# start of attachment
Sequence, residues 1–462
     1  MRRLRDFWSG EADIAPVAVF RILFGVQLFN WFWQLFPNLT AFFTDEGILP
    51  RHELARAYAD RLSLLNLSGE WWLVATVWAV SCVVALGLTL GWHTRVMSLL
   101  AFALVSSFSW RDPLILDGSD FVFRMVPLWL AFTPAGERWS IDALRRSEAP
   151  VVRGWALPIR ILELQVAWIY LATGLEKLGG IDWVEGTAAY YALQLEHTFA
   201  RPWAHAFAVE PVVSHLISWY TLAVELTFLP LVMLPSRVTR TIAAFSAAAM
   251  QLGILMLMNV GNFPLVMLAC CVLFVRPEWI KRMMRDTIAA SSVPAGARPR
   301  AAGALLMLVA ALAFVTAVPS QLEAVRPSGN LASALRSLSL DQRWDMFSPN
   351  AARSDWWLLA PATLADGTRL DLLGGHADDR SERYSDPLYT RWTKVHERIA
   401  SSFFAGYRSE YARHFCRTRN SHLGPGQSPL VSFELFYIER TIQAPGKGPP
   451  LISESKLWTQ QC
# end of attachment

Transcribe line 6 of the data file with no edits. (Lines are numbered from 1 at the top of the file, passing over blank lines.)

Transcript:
   201  RPWAHAFAVE PVVSHLISWY TLAVELTFLP LVMLPSRVTR TIAAFSAAAM